Arabs struggle to patch up their disputes - so far, unsuccessfully
Intense diplomatic activity in several Arab capitals may be headed toward a major summit to tackle a growing list of problems facing the 21-nation bloc. Saudi Arabia appears to be spearheading the diplomatic drive to close the wide gap between militants and moderates. It set the standard by the somewhat astonishing red carpet reception of Libyan leader Muammar Qaddafi over the weekend.
The meeting between the leading Arab monarch and one of the world's leading revolutionaries was in part designed to set a precedent and help thaw the frigid propaganda various Arab states have been throwing at each other.
Colonel Qaddafi then went to Amman, Jordan, for talks with another traditional rival, King Hussein, during his unannounced four-nation tour, which diplomats claim was originally suggested by the Saudis.
The impetus for the frenzy of activity is fear that any of the four major issues now dividing the Arab world could soon become a flash point for deeper instability. There has been a recognized pattern of major upheavals within Arab governments following every conflict with Israel.
The four major areas of dispute are: withdrawal of foreign forces from Lebanon, the Iran-Iraq war, the PLO mutiny, and broader Middle East peace.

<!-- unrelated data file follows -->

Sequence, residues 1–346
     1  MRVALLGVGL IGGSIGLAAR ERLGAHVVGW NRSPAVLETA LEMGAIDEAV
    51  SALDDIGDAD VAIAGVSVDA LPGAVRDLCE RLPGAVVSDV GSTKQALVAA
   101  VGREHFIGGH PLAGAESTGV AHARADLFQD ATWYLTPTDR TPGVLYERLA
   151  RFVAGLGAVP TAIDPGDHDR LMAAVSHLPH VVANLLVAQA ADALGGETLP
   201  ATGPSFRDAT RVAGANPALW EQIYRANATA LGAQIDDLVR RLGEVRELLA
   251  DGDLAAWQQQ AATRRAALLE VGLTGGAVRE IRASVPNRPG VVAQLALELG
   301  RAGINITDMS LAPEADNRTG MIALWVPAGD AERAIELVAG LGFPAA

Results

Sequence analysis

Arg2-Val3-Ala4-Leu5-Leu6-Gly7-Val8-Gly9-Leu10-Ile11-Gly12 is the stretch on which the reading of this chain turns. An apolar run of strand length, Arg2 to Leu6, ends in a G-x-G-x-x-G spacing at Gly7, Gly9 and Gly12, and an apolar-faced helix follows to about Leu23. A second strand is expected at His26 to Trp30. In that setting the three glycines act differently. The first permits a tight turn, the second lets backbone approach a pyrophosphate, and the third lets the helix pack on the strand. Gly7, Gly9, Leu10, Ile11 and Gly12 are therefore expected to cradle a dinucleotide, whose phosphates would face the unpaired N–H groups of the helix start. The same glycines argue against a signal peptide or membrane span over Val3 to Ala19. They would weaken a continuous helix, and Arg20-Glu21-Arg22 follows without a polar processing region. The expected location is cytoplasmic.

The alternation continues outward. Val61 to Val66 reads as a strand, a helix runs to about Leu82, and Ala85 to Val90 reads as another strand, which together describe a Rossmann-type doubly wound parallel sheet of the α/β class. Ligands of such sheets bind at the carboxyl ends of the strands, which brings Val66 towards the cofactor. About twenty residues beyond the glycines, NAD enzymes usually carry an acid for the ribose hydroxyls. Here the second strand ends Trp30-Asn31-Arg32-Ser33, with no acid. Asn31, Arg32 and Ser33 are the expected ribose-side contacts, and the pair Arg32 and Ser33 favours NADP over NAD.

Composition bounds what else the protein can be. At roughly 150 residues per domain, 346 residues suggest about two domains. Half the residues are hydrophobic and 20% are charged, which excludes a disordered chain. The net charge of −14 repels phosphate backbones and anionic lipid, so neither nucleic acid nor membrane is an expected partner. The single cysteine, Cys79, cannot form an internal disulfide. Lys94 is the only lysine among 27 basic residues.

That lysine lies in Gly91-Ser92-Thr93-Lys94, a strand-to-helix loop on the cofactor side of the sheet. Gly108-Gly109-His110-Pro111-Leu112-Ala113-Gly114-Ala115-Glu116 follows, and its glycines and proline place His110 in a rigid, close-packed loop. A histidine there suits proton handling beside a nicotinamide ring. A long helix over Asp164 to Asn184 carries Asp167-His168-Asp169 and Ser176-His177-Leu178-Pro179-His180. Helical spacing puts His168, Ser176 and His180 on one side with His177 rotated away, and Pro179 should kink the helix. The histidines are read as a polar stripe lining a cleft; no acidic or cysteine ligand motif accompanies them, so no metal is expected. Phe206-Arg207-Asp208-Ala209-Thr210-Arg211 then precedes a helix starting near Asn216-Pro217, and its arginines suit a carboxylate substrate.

Saudi King Fahd is promoting the various bilateral contacts to determine if there is enough common ground among rivals to convene a summit that would lead to constructive resolutions on united action, envoys say.
But after two weeks of escalating momentum, there are few concrete signs of a breakthrough. Indeed, the initial reaction among diplomats is that the various meetings - involving the Saudis, Libyans, Syrians, Jordanians, Iraqis, Algerians , Kuwaitis, and the PLO - have served only to accentuate differences rather than heal splits.
Syria responded to the rumblings of reconciliation with yet another rejection of the Lebanese-Israeli accord on withdrawal of foreign forces which it said was ''final and nonnegotiable.''
Libya has refused to back down from its support of PLO mutineers. PLO chairman Yasser Arafat and Colonel Qaddafi were both in North Yemen on Friday, but intermediaries were unable to arrange a face-to-face meeting. The two rivals agreed only to end verbal attacks on each other.